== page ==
Overview

In Farmacology, Daphne Miller brings us beyond the simple concept of “food as medicine” and introduces us to the critical idea that it’s the farm where that food is grown that offers us the real medicine. Venturing out of her clinic and spending time on seven family farms, Miller uncovers all the aspects of farming—from seed choice to soil management—that have a direct and powerful impact on our health. Bridging the traditional divide between agriculture and medicine, Miller shares lessons learned from inspiring farmers and biomedical researchers and artfully weaves their insights and discoveries, along with stories from her patients, into the narrative. The result is a compelling new vision for sustainable healing and a treasure trove of farm-to-body lessons that have immense value in our daily lives.

Praise

“What does the practice of sustainable agriculture have to teach modern medicine? What are the links between soil health and the health of the people who eat from that soil?…A highly original and compelling work of exploration with large implications for our understanding of health.”
—Michael Pollan

“Dr. Miller’s wit, compassion, and willingness to learn from the people who take care of the land make this a vibrant and important book. It is about so much more than just personal well-being; it is about the health of our food, our farms and farmers-the entire planet.”
Alice Waters

“In Farmacology, Daphne Miller expands the field of medicine from the classical boundaries of the symptom-cure concept toward a more complex and holistic approach that takes into account the tight balance between Man and Nature.”
—Carlo Petrini, founder of the International Slow Food Movement

Miller’s journey begins in serendipity and remains alive to surprise…[The] web of associations…will surprise even those [who know] that healthy soils make for healthy people. It’s startling to think that few if any doctor-authors have attempted this hybrid of field work…patient case histories…and conversations with scientists.
—Acres U.S.A.

Farmacology…explains how sustainable farms serve as a model for a healthy human body…Soil is the star of this story. Its vigor is clearly connected to the vitality of the plants, animals, and human beings it supports…Think like a farmer, and you’ll likely cultivate better personal health.”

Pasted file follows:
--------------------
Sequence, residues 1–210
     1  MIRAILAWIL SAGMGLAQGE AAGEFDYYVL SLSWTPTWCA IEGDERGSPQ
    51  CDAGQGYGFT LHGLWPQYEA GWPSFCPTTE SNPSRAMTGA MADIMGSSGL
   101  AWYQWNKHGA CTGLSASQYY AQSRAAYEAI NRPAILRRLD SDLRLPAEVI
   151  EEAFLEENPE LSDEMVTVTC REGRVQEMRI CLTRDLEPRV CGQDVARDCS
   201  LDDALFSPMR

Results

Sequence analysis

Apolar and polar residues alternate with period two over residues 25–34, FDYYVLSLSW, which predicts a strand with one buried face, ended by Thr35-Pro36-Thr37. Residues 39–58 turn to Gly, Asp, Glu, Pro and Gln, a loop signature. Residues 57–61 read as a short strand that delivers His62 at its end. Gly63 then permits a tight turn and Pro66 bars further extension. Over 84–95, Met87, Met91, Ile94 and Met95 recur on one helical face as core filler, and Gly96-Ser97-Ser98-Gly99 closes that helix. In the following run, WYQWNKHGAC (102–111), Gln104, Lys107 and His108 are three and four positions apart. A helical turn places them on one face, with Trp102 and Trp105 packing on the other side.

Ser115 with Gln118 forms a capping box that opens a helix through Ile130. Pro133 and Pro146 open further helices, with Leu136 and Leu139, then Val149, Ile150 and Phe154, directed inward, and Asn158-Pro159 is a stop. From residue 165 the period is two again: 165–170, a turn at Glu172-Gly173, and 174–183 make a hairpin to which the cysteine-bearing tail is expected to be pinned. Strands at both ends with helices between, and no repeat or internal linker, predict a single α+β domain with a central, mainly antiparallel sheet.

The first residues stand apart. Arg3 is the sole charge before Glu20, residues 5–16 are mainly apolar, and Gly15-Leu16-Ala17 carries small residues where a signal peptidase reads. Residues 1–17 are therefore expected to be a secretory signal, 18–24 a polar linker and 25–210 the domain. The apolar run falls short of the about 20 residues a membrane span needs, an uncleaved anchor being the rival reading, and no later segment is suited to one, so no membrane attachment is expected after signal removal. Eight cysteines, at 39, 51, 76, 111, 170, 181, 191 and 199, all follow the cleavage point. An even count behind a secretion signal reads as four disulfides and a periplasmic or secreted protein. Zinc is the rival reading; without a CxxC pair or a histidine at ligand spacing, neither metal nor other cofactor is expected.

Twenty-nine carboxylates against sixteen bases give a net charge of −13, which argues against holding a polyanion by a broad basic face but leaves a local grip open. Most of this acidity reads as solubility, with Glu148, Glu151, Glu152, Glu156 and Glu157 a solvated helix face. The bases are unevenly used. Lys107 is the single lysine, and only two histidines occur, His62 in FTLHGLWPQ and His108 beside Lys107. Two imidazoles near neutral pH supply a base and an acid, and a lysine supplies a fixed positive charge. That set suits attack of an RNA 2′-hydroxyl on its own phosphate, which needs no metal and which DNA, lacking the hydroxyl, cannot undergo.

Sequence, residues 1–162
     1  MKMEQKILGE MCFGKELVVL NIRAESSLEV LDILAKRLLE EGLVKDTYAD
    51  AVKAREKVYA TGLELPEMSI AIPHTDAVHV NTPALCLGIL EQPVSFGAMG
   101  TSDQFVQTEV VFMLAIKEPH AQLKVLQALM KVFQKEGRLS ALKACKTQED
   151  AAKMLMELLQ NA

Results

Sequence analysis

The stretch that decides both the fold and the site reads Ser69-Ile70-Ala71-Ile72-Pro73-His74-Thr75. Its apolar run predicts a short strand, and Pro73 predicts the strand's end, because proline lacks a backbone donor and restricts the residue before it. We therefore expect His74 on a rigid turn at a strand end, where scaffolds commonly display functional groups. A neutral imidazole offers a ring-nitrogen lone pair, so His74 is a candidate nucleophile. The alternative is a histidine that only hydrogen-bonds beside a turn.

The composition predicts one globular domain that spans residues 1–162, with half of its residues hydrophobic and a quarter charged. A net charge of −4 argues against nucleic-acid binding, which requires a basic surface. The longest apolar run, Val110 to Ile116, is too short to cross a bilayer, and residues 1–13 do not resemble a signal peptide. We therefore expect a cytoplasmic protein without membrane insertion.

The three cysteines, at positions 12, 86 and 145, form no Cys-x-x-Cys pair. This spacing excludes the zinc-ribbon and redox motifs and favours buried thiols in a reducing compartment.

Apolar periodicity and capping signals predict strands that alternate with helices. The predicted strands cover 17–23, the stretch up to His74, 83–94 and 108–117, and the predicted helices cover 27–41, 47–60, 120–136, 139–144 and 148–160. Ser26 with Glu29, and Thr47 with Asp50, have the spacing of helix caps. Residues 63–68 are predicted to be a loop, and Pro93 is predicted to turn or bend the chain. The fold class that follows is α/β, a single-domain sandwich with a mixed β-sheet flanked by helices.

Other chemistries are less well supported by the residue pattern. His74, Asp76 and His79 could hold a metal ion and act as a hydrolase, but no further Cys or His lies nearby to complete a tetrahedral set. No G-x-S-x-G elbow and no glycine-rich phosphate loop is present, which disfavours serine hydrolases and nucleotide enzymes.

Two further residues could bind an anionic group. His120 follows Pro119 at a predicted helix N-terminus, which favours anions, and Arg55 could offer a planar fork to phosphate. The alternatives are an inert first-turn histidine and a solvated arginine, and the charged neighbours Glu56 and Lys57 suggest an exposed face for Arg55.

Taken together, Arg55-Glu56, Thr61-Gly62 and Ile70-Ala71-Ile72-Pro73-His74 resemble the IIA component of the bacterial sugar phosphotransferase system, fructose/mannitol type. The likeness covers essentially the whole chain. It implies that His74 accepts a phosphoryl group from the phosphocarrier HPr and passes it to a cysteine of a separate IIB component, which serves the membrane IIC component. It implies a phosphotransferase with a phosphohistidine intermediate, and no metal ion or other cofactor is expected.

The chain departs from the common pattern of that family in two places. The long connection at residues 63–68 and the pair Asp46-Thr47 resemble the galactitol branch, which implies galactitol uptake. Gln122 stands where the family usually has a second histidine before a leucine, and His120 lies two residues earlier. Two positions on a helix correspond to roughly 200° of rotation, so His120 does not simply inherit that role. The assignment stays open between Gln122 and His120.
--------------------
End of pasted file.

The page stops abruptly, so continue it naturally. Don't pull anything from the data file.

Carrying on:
—Booklist

“Miller steps outside medicine’s orthodoxy to explore the connection between sustainable farming and healthy living…Working hands-on and also picking the brains of the farms’ operators, [she] observed farmers taking a holistic…approach…that she has found to be too often missing in the modern practice of medicine.”
Kirkus Reviews

“An eloquent call for better systems of sustainable agriculture and humanistic health care. . . . lovely, touching, and sometimes quite funny. [Miller’s] insight: both soil and people do better when treated as complex systems, not fragments. This is a fresh, original, and utterly charming book.”
—Marion Nestle, Professor of Nutrition, Food Studies, and Public Health at New York University and author of What to Eat

“[Here] explorer and integrative physician Daphne Miller learns the principles of best farming practices and considers their applicability to medicine. Her observations are revealing and inspiring, offering a vision of new and more effective treatments for a variety of human ailments, from allergies to cancer. A rewarding read.”
—Dr. Andrew Weil, author of 8 Weeks to Optimum Health and True Food

“Sustainable agriculture and holistic medical practice find each other as soul mates…The issues raised deal with profound economic, social and cultural dilemmas…and Miller’s hearty, personable writing style makes it a good read for travelers, lovers of character studies and medical and farming professionals alike.”
—Lou Fancher, Mercury News

“Some of Miller’s discoveries are simple, others groundbreaking, but all feel important for their medical implications as well as for what they can teach us about our connection to other living creatures… Miller… delves deep into the science, translating dense medical text into practical information.”
Orion Magazine

“It’s alternative living in a big way, whether you’re the field, the cow, the cultivated insect, or the patient of a type of physician [Miller] calls “medical ecologists.” Miller had fun, writes exuberantly, and wants to infect us in the best way possible with the spirit of these places.”
—Harvard Medicine Magazine

“[Daphne Miller is] such a fearless, intelligent, and charming guide on the food-filled journey between medical and ecological sciences that by the end of Farmacology you won’t just think that medical ecology is fascinating–you’ll wonder how we managed to live without it for so long.”
—Raj Patel, author of Stuffed and Starved